• the steampunky city in the middle of the nearby desert was invaded by Silurians, but the PCs brokered a peace. What’s not known is who woke them up, and why. Also promising to be interesting is what will come of the combination of the city’s technomancy and the technology of the Silurians.
  • and so on.

Shortly all of that will be listed on the wiki, but it will be much easier to see the big picture on Lino, even if it’s just covered with short notes that link to fuller details on the wiki. Trying to keep all those separate threads together with just a wiki could well be impossible if the game ends up running for years, but even known it’s getting a bit tricky.

(Note to fellow writers: Lino is also excellent for world-building, and keeping track of plot threads, threats, solutions, and minor characters.)

So that’s both of the online tools I use for campaign management. What about you?

Pokémon Pocket-sized Game Aids

My regular readers know that I have been working on several Pokémon game aids since late last year and finally got them ready for general distribution. My wife and several of our Pokémon Leaguers have been using them for several months and seem very happy with them, so I hope you’ll find them useful too.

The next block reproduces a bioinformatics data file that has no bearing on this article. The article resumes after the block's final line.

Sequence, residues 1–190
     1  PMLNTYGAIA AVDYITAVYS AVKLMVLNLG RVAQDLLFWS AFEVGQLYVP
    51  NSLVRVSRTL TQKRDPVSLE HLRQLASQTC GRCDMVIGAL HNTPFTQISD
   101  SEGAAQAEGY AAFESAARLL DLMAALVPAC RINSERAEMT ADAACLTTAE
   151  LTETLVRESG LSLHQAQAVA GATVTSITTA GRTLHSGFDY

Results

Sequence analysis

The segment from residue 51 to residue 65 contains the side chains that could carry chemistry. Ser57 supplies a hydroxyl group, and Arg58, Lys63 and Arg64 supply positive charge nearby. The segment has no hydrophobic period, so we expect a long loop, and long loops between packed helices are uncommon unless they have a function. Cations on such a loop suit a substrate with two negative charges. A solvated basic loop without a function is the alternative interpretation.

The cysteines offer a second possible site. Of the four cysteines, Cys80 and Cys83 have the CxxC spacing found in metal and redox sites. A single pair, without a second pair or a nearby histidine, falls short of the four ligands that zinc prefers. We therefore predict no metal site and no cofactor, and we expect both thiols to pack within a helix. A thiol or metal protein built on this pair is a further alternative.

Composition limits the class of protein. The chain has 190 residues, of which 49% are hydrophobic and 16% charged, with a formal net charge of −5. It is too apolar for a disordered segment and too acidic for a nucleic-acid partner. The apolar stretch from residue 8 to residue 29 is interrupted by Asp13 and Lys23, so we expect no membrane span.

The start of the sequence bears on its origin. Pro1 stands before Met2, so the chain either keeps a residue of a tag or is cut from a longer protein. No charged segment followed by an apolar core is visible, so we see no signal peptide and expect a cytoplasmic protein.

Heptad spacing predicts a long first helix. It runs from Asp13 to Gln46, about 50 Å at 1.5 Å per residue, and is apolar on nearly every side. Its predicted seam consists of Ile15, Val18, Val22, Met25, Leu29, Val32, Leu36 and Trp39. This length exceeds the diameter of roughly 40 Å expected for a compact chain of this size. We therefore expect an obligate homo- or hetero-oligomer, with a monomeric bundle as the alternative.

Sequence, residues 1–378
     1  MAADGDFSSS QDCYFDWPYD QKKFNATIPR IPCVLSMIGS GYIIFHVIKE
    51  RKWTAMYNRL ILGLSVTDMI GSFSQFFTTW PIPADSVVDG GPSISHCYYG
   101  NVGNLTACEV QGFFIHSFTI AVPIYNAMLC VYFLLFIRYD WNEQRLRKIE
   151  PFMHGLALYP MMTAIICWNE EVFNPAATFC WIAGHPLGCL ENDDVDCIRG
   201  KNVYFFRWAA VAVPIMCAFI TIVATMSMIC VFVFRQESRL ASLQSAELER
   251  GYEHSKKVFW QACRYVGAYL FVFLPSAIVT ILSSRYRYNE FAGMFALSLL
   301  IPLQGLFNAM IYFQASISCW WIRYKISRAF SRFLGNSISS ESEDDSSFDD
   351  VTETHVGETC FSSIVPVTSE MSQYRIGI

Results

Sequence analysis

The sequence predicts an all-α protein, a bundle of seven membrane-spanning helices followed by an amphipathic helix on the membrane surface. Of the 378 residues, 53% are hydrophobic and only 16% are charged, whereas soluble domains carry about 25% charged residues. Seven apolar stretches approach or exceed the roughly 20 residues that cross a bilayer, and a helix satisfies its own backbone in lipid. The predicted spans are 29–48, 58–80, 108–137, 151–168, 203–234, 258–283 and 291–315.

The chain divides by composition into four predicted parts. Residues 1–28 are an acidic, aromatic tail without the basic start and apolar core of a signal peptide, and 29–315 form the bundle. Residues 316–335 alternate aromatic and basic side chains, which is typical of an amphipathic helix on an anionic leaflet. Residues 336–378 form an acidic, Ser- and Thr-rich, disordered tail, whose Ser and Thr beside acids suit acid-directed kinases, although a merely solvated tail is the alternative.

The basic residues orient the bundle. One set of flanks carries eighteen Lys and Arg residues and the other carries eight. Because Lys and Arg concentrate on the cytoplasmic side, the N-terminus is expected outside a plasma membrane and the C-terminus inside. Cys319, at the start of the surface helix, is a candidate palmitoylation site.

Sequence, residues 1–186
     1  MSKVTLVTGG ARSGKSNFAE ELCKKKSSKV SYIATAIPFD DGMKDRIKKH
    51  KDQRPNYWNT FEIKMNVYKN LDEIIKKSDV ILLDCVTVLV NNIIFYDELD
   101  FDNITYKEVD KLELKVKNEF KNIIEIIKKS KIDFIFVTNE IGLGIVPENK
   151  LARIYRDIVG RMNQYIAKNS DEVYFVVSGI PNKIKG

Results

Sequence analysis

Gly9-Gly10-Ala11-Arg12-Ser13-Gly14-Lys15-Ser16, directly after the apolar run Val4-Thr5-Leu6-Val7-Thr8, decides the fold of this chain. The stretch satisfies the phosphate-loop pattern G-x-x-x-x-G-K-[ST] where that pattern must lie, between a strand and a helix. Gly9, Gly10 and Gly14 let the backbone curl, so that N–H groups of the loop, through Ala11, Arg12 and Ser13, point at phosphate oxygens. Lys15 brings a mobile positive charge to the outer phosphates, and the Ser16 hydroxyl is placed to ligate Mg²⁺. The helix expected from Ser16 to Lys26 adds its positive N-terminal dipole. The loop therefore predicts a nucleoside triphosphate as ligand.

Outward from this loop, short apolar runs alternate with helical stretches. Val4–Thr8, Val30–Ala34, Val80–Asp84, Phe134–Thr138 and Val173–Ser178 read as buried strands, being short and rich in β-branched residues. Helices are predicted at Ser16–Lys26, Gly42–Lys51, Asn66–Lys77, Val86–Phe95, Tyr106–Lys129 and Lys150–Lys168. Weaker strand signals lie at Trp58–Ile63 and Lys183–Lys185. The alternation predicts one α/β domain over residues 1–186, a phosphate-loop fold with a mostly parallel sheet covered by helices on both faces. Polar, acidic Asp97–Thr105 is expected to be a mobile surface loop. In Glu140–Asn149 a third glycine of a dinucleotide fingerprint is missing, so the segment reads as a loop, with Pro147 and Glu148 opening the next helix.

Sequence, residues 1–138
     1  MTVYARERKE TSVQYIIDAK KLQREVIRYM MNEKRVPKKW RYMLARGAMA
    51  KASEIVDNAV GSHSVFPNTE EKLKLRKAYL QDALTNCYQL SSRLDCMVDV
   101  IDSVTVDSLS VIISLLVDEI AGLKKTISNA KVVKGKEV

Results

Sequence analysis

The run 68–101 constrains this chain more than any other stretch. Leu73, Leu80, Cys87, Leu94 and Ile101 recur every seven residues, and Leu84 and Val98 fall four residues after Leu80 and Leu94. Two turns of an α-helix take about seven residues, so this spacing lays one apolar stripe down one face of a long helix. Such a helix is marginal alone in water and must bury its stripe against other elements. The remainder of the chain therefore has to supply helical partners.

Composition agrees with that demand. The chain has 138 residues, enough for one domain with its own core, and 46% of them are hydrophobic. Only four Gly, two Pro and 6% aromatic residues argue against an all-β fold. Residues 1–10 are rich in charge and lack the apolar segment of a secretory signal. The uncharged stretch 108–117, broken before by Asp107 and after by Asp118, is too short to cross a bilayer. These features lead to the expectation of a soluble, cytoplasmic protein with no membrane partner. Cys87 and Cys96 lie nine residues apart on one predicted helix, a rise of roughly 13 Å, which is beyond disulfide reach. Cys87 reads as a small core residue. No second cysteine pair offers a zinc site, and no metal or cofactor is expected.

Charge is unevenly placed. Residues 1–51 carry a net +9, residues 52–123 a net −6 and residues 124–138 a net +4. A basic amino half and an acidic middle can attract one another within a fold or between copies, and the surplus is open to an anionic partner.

The first is a list of every Pokémon as of generation 5, including their types and what Effort Points they yield. It is in the form of two booklets, each using one sheet of paper, that are small enough to fit in your pocket or DS case, yet have large enough text to even be readable by my eyes. To learn how to fold each sheet into an eight-page booklet, simply visit the website of PocketMod, the home of the handy bit of freeware I used to convert the original 16-page document down to a more manageable two pages.

My printer has a strict .51″ bottom margin, so in order to get those to print properly I have to set it to 96% and turn off auto-center. That results in a lot of trimming after folding, but it’s better than missing nearly half of two pages.

The second is a type chart designed to fit on an index card and therefore be slightly smaller than a DSi. If you can’t remember how the types match up in Pokémon or are tired of carrying around a huge chart, then this is for you.

If your printer can’t print on index cards or want to run off several to share with your friends or hand out at Pokémon League, you’re in luck because I also fit six on a single sheet of paper. You’ll find the best results if you print them on card stock.

Naturally, once X and Y release this fall I’ll update both documents with the new Pokémon and type(s). (You have heard about the new Fairy type, haven’t you?)


As usual, here are the download links for your convenience: